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Goal Setting for Success

   Think back to the first time you set your New Year’s Resolution. “I’m going to get in shape”,”I am going to quit (insert bad habit)” you said with all the determination of someone who is going to make this new year better than the last. First few weeks are going great but then- BAM- life happens. By February that motivation is long gone, and you have broken your resolution, busted out the cookie dough ice cream, and decided you will try again next year. But here is the thing with goal setting and resolutioning- It doesn’t need to be big,failure is a part of the process and, here is the most important part, you don’t need a new year or a Monday or anything else to get started.

Resolutions should be looked at as the tone for the year, like that year you decided to wear all black and be ‘mysterious’. By using it as the tone, it gives you a direction to go and sets you up to pick appropriate goals. Using this method also helps avoid the pitfall of bailing on your resolution the first time you hit a snag. Pick the big thing that you can work toward: getting better sleep, losing weight, minimizing distractions; and put that at the top of your list. This will be your base that you build off of for the year. Your resolution is what you will chip at all year to get more consistent and eventually make a habit, so worry about a goal at the end. Resolutions are meant to make you better overall, sometimes that’s not quantifiable, and that’s OK, it’s for YOU! Have your big resolution? Great, now lets start setting some goals

Now we will break up the entire year and set goals appropriately so that you can reach your big goals. The way we do this from setting your three different types of goals: big goals (Macro goals), intermediate goals (Mezzo goals), and short term goals (Micro goals). The smaller goals will feed into your overall goal and make the act of getting to the big goal more digestible and less like a looming monster that you can’t tackle. For every Macro goal you have, you will have 2-3 mezzo goals, and for every mezzo goal you will have 2-3 micro goals. We recommend setting a Macro goal for your profession, for your home, and for your personal life. This may sound like a lot, but once you map out what you need to do to achieve each goal, it will see a lot less scary. When setting goals make sure you follow the S.M.A.R.T method. Make sure each goal is:

Make sure all of your goals are SMART

Specific- Who, What, When, Where, Why?

Measurable- How do you measure your progress?

Attainable- How much effort is required? Is it realistic?

Relevant- Are you willing and able to accomplish this with work?

Time Bound- Do you have the time available to achieve it?

When making goals, it is wildly important to make sure each goal fits S.M.A.R.T parameters. A badly made goal can be a death sentence to your motivation and self-esteem. If your goal doesn’t fit, rework the goal until it hits all 5 points. Now that we know the different types of goals and what a good goal looks like, lets move on to how to make each goal type.


First you need to set your big year goal- your Macro goal. This goal is meant to take the year to build up to and can be anything that will require your to work at to achieve.  Pick a goal big enough that it makes you have change as a person to be able to achieve it. This is a goal worthy of setting. Hike the Appalachian trail, learn a new language, get that shredded body, just pick something BIG for you. Pick something that you planned on letting sit on your bucket list until you can’t do it anymore- this is your year. Now make sure it fits our S.M.A.R.T format. If you are a couch potato that wants to scale Mt Everest, maybe try Mt Washington first. Got a good one? OK, now we start working on the path to get there.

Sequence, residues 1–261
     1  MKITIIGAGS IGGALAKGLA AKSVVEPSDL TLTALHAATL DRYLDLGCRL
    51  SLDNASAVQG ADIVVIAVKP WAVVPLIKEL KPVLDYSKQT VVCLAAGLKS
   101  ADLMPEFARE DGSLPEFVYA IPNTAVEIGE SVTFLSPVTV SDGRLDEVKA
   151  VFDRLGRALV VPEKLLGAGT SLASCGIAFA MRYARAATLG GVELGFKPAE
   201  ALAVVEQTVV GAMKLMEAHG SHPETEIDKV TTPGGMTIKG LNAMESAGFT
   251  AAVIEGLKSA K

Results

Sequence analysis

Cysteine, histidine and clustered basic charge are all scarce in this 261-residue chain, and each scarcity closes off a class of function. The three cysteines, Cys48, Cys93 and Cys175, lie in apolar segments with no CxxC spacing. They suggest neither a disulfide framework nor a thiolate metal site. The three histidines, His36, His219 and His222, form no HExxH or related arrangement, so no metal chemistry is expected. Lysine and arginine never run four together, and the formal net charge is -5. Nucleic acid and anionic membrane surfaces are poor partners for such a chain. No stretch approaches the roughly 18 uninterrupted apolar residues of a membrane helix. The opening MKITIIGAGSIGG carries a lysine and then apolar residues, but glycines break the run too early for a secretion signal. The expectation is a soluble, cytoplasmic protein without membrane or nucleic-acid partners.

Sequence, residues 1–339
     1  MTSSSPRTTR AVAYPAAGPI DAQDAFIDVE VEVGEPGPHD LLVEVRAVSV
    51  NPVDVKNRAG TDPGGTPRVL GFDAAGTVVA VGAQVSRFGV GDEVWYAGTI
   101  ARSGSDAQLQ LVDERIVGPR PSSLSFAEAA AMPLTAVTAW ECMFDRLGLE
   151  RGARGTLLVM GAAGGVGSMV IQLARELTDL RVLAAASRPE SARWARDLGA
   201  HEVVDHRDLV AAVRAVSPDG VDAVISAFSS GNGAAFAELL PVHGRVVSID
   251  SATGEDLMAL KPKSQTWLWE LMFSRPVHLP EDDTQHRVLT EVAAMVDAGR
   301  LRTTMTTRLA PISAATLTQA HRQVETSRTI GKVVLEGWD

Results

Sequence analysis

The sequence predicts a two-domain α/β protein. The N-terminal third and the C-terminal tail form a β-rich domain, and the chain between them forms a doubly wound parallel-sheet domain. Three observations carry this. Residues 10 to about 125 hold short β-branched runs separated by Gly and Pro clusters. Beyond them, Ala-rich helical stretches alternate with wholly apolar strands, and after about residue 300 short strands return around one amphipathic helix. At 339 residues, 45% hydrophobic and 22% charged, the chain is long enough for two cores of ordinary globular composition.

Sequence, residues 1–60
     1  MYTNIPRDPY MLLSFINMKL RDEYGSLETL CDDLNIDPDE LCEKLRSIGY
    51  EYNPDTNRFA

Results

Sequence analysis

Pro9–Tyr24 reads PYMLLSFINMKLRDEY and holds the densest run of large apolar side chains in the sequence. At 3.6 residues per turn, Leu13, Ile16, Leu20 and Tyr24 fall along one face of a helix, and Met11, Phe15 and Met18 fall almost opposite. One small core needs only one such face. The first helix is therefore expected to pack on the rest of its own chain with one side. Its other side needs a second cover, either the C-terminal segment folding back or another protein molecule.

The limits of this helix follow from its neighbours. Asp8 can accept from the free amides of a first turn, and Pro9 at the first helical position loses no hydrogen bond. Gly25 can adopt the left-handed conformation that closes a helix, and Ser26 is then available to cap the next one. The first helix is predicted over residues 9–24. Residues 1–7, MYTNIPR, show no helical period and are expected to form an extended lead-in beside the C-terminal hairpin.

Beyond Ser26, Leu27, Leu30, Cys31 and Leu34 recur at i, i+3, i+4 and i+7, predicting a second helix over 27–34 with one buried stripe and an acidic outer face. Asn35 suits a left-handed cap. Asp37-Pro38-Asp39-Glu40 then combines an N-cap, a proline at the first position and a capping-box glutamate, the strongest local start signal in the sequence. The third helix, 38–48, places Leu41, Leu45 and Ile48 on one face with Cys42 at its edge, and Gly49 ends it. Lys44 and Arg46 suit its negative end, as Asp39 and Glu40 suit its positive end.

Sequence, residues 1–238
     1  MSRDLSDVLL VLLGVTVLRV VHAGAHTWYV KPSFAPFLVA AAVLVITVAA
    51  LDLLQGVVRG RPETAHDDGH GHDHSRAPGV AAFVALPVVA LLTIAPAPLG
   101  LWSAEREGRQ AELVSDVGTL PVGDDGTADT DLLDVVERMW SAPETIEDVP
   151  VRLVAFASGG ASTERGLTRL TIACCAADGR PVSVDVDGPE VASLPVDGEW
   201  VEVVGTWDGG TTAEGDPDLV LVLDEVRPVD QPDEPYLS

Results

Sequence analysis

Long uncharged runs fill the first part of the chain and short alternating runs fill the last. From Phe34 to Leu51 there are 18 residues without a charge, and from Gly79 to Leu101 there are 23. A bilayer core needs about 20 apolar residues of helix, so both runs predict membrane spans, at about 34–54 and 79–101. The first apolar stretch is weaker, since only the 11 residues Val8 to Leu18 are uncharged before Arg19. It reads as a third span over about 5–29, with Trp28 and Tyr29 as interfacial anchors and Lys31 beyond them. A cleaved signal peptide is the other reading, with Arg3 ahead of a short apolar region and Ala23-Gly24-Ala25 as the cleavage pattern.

Now that we have your Macro goal set it’s time for the mezzo goals. These goals don’t take the whole year to accomplish, but will set you up to have your best shot at achieving your Macro goal. These goals can be things like race dates, skill acquisition, and smaller personal records. If your macro goal, for example, is to run the Boston Marathon next year, mezzo goals could be doing finding or decreasing your run time by 10 seconds and running a qualifier for the marathon. These two are bigger goals that will not be able to be accomplished within a month. But with work and consistency, you can achieve both goals and set yourself up for the ultimate goal of crossing the finish line in front of the Boston Public Library. Go you! Now lets start setting the path to get there.

Micro goals can be achieved in 1-3 months. These goals will feed into your Mezzo goal and are the building blocks to get you to the end. These are things that will require a little effort to get to, but not so hard that it is defeating. Setting a goal such as achieving an extra 1-2 pull ups when you already have a pull up is a good example of a Micro goal. As you can see, Micro goals are also not so easy that you can achieve them in a week; the need to change and work must still be there. These goals must also be measurable, otherwise there is no easy way to tell if you have accomplished your goal. If you set a goal of having faster elbows in the clean, how fast must they be to achieve the goal? However, if you say that you want to get your elbows at 90 degrees by the time you receive the bar in the front rack position at 110 pounds- now we have a clear and concise goal to work toward.

If you would like to hear our podcast about goal setting you can find it here!

Now that you have mapped out your resolution and your three levels of goals, it’s time to get to work. See you in the gym!

-Elise Ferreira

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